Settlements involved cases of pesticide drift and improper selling and application of pesticides. Settlements are listed by county below:
• (Cabarrus) Stephen N. Ruark, a licensed aerial pesticide applicator with Thunder Valley Ag Aviation in Pantego agreed to pay $2,100 for depositing pesticides by aircraft on the right-of-way of a public road near Midland.
• (Currituck) Joseph D. Etheridge, a licensed private pesticide applicator in Shawboro, agreed to pay $500 for using a pesticide in a manner inconsistent with its labeling. The label for the product used states that the pesticide should only be applied if the wind direction favors on-target deposition. Ethridge’s application on a field contacted a car on the road nearby.
• (Iredell) Christopher T. Heslin, a licensed pesticide dealer for SiteOne Landscape Supply in Mooresville, agreed to pay $1,200 for several improper sales of a restricted-use pesticide to someone with a fraudulent license.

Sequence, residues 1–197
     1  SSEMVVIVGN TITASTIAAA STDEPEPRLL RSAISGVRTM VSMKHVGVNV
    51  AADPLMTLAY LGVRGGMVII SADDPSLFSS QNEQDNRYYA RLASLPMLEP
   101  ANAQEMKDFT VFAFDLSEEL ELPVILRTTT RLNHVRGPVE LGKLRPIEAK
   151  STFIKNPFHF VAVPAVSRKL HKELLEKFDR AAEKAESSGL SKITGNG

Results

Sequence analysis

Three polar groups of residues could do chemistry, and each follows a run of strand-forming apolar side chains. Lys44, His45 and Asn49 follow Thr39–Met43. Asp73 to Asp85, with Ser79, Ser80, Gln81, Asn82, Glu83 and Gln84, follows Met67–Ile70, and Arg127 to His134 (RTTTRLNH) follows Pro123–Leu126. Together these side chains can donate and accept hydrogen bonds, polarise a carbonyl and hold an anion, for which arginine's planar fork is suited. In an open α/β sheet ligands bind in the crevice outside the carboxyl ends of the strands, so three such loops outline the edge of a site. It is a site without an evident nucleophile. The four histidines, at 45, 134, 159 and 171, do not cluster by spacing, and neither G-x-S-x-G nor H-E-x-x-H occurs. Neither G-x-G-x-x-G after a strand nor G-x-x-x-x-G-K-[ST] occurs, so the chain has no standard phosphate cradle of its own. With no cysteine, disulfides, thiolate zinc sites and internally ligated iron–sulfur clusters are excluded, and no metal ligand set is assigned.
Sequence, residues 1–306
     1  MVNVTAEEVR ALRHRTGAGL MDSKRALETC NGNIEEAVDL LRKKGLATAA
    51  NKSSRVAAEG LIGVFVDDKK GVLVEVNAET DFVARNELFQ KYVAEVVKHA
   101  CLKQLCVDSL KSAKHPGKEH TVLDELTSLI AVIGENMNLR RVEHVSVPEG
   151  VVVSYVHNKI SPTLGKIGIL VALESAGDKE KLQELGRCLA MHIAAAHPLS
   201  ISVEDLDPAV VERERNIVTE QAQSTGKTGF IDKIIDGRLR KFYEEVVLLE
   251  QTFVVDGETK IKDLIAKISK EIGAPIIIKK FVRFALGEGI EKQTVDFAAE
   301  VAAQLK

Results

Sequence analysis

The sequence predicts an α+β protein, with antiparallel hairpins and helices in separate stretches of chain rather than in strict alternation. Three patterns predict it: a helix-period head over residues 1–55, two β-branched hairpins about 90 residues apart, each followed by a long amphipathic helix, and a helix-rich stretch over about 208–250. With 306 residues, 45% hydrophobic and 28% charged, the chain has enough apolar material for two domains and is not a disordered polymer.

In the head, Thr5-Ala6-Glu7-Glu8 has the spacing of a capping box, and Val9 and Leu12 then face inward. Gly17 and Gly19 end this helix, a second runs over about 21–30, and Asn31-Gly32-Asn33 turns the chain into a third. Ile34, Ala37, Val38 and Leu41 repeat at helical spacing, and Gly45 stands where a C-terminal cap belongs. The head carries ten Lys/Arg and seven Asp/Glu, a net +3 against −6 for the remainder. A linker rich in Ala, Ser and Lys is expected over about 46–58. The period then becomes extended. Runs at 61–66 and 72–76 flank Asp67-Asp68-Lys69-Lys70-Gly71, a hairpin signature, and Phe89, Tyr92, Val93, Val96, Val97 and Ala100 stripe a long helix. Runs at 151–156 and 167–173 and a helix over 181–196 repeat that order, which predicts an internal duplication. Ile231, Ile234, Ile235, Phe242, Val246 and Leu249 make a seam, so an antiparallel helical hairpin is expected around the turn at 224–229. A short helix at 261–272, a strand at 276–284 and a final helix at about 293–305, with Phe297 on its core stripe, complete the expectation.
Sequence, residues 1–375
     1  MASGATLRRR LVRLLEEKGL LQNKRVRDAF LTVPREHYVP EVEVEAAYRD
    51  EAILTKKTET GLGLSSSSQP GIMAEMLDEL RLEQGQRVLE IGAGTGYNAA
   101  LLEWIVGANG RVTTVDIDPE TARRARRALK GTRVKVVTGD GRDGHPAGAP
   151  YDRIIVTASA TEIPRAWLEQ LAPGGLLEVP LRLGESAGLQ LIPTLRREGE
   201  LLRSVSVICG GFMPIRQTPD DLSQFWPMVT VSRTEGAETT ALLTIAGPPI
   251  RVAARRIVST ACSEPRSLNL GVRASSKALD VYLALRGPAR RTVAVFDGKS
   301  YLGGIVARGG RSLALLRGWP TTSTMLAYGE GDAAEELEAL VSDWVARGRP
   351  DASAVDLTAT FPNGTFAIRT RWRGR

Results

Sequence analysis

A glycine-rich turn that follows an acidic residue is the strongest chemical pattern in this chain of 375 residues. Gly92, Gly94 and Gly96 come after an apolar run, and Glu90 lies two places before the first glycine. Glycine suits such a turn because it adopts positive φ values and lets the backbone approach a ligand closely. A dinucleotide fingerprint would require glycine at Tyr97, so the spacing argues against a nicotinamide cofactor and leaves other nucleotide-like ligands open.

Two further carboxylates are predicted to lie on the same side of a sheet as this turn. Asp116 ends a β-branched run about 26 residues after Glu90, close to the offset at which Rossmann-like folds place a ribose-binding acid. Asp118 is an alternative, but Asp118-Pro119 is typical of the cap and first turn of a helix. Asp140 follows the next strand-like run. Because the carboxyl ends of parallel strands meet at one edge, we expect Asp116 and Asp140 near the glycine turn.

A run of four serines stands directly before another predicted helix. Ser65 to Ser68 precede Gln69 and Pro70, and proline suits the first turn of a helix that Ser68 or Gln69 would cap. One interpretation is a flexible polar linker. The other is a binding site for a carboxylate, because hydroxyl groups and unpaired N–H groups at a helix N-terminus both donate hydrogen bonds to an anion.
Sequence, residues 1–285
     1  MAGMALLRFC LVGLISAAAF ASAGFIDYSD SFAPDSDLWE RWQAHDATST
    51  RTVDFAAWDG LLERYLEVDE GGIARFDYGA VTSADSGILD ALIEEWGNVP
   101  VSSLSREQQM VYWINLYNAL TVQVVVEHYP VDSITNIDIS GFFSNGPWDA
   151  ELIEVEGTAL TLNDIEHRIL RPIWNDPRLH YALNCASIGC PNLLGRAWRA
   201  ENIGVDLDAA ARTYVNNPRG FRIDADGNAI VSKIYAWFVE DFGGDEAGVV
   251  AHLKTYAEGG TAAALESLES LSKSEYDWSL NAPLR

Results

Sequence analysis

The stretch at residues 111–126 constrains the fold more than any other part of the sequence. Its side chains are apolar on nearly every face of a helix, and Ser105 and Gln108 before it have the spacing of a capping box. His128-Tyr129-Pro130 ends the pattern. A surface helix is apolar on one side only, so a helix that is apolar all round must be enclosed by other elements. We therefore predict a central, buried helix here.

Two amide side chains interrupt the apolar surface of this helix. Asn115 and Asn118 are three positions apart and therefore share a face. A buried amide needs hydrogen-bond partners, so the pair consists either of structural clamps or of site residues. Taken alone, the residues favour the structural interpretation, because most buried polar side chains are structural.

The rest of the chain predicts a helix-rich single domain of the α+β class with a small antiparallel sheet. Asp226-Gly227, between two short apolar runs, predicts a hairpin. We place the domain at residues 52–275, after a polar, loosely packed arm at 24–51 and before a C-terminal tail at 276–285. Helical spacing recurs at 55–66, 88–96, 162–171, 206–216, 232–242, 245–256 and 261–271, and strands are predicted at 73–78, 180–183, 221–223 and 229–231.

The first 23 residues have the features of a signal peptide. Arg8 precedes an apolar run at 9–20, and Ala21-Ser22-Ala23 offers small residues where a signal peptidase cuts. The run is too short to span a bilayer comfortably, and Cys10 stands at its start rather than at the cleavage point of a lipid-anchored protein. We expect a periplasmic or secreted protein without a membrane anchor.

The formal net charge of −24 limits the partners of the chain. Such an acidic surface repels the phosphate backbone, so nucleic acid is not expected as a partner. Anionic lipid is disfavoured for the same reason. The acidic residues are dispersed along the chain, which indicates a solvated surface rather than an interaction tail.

• (Lenoir) Joshua Pridgen, a licensed pesticide dealer for Helena Agri Enterprise in Kinston agreed to pay $400 for improperly selling a pesticide that is only labeled for agricultural use sites to a commercial pesticide applicator who was not certified to use the particular pesticide.
• (Pasquotank) Matthew C. Crabbe, a licensed aerial pesticide applicator contractor for Crabbe Aviation in Mechanicsville, Va., agreed to pay $1,000 because pesticides he applied to a soybean field near Elizabeth City drifted onto a nearby apiary. The drift indicated a manner of use inconsistent with the pesticides’ labeling and therefore a violation of state law.
• (Granville) Mark W. Lyon, a licensed private pesticide applicator in Creedmoor, agreed to pay $600 for applying a soil fumigant to his fields without the proper licensing category on his license.
• (Union) Campbell F. Cox, a licensed private pesticide applicator in Monroe agreed to pay $600 for applying a paraquat herbicide without the required training. ■